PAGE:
And it was not last week’s SEC administrative order.
As highlighted in this previous post, in March 2016 Judge Melinda Harmon (S.D.Tex.) dismissed securities fraud claims brought against Key Energy Services (See In re Key Energy Services Inc. Securities Litigation, 2016 WL 1305922 (March 31, 2016). The action touched upon, in part, the same general conduct alleged in the SEC’s order.
While there are obvious substantive and procedural differences between a securities fraud action and a finding of FCPA books and records and internal controls violations (what last week’s SEC order found), at the very least these two actions were part of the same parallel universe.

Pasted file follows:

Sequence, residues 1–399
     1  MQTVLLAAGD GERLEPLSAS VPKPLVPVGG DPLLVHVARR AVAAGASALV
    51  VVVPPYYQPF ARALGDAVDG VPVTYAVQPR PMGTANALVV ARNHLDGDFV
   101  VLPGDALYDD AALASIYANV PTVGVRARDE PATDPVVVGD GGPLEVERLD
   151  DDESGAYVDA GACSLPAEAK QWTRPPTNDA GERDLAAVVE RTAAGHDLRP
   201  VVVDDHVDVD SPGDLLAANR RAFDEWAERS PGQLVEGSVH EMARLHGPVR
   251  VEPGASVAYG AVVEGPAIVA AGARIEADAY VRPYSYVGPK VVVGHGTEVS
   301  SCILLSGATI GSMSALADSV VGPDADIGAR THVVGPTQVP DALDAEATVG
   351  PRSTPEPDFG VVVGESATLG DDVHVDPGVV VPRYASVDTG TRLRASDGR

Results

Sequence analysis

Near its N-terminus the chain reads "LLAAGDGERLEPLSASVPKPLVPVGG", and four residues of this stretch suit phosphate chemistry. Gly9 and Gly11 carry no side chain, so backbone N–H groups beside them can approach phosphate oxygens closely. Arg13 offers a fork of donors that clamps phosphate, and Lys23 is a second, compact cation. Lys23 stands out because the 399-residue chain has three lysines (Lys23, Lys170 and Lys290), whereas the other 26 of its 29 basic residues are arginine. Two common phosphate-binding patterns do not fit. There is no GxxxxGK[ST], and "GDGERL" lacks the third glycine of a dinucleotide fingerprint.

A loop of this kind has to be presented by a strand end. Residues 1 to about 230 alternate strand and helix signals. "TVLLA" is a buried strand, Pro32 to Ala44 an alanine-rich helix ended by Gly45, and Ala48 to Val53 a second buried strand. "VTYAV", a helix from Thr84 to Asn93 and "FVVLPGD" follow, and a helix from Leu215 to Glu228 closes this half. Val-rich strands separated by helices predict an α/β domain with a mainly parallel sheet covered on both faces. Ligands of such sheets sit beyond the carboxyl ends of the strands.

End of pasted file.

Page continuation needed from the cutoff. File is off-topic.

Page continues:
Thus, it is interesting to explore what happened in the action subjected to judicial scrutiny vs. last week’s SEC order.
In short, whereas the SEC found that Key Energy “failed to implement and maintain sufficient internal controls,” a federal court judge found (despite plaintiffs’ allegations to the contrary including statements from several confidential witnesses) that Key Energy’s “FCPA controls were adequate.” Whereas the SEC suggests, with the benefit of hindsight that there were controls that Key Energy should have had, a federal court judge found that certain of the controls Key Energy did not have were not even required for a company to have adequate internal controls.